The Darkest Shades of Dire
Listen to Today's Edition
Sudanese paramilitaries and their allies took control of cities in Darfur from government forces, a major advance marked by reports of mass killings and fears of renewed ethnic violence in the restive western region, the Washington Post reported.
“The capture of the cities, previously divided between the militias and the army, is the most significant military breakthrough by the Rapid Support Forces since the war began seven months ago, and it threatens to usher in a new chapter of violence by drawing in forces that had kept aloof from the fighting,” the newspaper wrote.
Over the past two weeks, the Rapid Support Forces (RSF) captured three of five regional capitals, including a number of important military bases. Witnesses’ accounts told of massacres of entire families and looting by paramilitary forces in the region. Aid officials said more than 7,000 people had crossed the border into Chad in the first three days of November, more than for the entire previous month.
The United Nations described the situation as “verging on pure evil,” adding that recent reports show that more than 800 people have been killed by armed groups in Ardamata, an area hosting a large camp for internally displaced people, Agence France-Presse wrote.
The civil conflict began in April following a dispute between the RSF, led by Gen. Mohamed Hamdan Dagalo (also known as Hemedti), and the military, led by Gen. Abdel Fattah al-Burhan. Both leaders collaborated to overthrow a civilian government two years ago.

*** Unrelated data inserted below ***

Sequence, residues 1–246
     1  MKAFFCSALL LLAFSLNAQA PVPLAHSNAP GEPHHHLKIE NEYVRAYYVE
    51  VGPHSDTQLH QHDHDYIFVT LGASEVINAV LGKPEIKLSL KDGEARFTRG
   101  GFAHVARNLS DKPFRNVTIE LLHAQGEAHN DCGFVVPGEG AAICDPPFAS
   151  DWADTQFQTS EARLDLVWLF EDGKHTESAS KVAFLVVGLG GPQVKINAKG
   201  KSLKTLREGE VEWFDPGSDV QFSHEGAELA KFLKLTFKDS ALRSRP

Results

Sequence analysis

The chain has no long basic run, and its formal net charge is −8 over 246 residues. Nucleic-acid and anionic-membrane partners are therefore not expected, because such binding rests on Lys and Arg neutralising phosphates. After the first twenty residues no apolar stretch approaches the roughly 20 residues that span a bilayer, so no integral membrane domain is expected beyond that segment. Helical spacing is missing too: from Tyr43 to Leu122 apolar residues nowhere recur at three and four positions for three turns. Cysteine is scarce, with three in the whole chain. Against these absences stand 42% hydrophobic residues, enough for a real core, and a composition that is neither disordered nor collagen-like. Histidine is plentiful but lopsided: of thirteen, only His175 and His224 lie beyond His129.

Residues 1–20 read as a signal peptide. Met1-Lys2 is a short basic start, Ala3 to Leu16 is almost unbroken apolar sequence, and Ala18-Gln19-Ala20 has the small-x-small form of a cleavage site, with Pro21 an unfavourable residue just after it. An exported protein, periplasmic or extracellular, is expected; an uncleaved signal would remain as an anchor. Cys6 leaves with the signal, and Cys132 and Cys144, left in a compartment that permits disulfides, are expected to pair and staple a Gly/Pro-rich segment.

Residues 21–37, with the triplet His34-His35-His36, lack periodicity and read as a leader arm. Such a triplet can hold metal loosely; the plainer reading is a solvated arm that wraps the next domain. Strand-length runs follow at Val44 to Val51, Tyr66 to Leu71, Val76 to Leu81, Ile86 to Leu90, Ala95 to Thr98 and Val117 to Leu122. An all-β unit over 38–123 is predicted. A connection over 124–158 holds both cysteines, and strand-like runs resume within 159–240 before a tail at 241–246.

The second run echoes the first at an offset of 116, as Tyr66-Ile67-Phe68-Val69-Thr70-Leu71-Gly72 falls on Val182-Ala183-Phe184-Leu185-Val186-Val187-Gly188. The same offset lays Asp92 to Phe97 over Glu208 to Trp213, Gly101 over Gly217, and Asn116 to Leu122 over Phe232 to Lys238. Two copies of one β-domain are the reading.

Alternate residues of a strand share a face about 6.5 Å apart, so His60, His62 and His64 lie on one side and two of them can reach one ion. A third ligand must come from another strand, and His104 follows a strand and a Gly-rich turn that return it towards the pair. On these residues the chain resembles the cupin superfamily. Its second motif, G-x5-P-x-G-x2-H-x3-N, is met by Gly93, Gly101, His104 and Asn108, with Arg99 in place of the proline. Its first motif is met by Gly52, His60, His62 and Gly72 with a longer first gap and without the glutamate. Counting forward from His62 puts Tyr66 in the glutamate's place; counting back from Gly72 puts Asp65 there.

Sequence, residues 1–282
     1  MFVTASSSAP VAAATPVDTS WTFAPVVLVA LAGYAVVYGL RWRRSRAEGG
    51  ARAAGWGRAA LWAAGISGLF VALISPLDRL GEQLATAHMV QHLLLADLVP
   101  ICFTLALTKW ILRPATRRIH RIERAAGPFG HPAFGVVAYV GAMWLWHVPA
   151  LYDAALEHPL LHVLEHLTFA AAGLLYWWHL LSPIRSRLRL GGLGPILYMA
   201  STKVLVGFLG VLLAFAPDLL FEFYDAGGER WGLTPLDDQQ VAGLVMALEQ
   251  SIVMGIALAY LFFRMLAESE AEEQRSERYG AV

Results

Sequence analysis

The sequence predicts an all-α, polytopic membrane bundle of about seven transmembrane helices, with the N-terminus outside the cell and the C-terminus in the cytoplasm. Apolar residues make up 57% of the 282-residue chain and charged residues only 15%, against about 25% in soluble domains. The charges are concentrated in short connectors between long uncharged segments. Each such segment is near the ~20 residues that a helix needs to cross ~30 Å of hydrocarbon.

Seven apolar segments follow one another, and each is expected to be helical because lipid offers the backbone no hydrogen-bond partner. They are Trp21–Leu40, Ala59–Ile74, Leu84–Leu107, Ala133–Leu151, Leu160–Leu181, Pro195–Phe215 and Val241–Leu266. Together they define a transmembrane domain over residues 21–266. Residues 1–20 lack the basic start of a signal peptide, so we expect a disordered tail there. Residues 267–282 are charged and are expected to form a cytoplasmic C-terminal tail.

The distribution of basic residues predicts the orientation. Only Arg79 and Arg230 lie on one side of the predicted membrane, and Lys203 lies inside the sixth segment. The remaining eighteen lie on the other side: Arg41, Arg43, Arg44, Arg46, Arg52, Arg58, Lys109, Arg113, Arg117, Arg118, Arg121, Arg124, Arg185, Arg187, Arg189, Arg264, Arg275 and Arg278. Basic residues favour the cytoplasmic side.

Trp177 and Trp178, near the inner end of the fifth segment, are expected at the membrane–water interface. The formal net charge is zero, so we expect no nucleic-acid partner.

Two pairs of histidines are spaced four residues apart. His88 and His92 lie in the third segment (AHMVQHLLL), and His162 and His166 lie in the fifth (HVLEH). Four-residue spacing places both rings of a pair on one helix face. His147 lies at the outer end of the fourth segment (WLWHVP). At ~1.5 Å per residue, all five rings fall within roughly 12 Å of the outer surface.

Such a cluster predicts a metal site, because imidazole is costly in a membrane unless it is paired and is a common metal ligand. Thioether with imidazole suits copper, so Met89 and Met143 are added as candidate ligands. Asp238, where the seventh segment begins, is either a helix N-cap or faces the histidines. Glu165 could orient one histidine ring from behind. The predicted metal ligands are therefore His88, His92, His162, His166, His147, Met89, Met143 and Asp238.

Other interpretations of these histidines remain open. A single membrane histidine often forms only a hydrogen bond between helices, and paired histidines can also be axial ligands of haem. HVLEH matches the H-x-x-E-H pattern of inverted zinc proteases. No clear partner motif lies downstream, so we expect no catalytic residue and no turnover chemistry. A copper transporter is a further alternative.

But both sides have since accused the other of atrocities: The military has repeatedly bombed civilian neighborhoods, while the RSF – allied with various ethnically Arab militias – has been accused of mass killings and ethnically motivated assaults in Darfur.
According to the Armed Conflict Location & Event Data project, at least 10,000 people have died in the conflict, but the exact death toll is believed to be higher. Nearly five million people have been displaced.
Analysts called the RSF’s recent seizures a major breakthrough for the paramilitary unit, but warned that this could risk plunging Darfur into another civil war akin to one that devastated the region 20 years ago.
In 2003, the government of now-deposed President Omar al-Bashir unleashed Arab militias, known as Janjaweed, in response to a rebel uprising in Darfur. Janjaweed fighters burned villages, conducted mass killings and used mass rape as a weapon of war.
Later on, numerous Janjaweed units became integrated into the RSF, while certain ex-rebels secured governmental positions as part of a negotiated peace agreement.